Yesterday afternoon, while editing a paper in the writing center, I had an inexplicably strong desire to go out to dinner with my parents to a restaurant called Crossroads back home. The weird thing is that I haven’t been to the restaurant in probably 15 years; the restaurant has changed ownership numerous times, and my family got out of the habit of going after it kept closing and re-opening.
But in a flash, I imagined myself as a little girl: shoulder-length, pale blond hair; wearing jean shorts and a t-shirt; swinging my legs against the wooden chair rails. My family sat around a square, wooden table, plates and cups in front of us, and tables stretching out across the restaurant. I remembered the decor of the restaurant: trees and deer painted on old saws, specifically. Kind of weird out of context, but totally appropriate there.
In that moment, I wondered if time travel wasn’t just a little bit possible. Maybe time truly isn’t linear; maybe time folds back over itself, and our memories are just ghosts of ourselves existing simultaneously in another dimension. Maybe while 25-year-old me sat in the writing center on a September afternoon, marking up a PTRW book review, six-year-old me was eating dinner with her parents and brother and swinging her legs against her chair while eating fried shrimp and French fries.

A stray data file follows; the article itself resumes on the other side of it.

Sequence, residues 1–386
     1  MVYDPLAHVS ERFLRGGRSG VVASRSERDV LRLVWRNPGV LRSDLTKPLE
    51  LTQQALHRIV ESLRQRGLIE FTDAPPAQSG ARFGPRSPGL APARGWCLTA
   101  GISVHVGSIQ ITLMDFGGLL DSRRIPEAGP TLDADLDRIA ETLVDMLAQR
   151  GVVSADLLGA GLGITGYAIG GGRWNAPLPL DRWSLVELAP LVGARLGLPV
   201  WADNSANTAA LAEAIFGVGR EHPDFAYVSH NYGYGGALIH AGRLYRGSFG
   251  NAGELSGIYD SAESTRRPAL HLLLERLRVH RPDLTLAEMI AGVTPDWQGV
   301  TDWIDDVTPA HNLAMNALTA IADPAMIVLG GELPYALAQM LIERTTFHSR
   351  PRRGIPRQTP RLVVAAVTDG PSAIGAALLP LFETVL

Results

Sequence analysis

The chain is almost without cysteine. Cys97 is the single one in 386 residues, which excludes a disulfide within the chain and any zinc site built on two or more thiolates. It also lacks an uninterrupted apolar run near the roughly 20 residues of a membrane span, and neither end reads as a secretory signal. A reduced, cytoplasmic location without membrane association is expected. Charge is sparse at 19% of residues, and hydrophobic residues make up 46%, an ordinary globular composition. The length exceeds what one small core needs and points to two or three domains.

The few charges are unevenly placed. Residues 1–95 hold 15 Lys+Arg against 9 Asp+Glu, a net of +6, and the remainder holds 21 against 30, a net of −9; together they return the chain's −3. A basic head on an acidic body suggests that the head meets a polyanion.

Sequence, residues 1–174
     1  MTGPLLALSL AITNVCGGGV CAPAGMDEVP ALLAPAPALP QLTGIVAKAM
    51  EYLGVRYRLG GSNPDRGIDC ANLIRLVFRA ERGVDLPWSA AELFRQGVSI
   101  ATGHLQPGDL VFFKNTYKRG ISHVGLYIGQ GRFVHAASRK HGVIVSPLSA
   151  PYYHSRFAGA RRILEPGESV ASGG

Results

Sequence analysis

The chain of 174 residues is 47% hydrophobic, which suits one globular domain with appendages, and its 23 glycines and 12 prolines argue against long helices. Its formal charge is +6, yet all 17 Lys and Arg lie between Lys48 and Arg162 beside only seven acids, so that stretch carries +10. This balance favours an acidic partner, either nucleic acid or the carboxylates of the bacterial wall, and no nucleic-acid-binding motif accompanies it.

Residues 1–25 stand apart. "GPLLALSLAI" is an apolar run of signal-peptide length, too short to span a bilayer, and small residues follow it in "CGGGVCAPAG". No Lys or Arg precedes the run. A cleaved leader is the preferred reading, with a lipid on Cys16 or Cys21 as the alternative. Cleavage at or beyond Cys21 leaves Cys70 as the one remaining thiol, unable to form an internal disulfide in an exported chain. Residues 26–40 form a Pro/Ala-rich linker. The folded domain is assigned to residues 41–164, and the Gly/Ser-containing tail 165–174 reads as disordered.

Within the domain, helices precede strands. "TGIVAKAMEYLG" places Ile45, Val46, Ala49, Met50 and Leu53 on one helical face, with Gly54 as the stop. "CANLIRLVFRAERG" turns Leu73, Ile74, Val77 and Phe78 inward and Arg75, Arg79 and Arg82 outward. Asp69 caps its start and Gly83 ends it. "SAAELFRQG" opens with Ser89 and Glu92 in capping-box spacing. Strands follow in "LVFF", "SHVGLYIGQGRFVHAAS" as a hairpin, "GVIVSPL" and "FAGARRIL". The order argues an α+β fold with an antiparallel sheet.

Maybe if I’d closed my eyes and fallen into the memory, I would have been six years old again. As long as I could have just as easily returned to 25, I would have enjoyed that bit of time travel. I remember the excitement of being six years old, when I would jump up and down and cheer because my parents agreed we could go to Crossroads for shrimp night instead of cooking dinner at home. Sometimes, 25-year-old Haley doesn’t get as excited about life’s little adventures as six-year-old Haley did.
Even if I didn’t actually time travel, that one memory has left my homesick since yesterday afternoon. I can’t explain why that memory came to me; nothing in a paper about The Gospel of Judas should have made me think of eating fried shrimp with my family as a little girl. Nonetheless, I’m grateful that even the most mundane memories are still vivid enough to insert themselves into my life at random moments. And maybe next time I visit my parents, I’ll take them out to dinner and get really excited about it.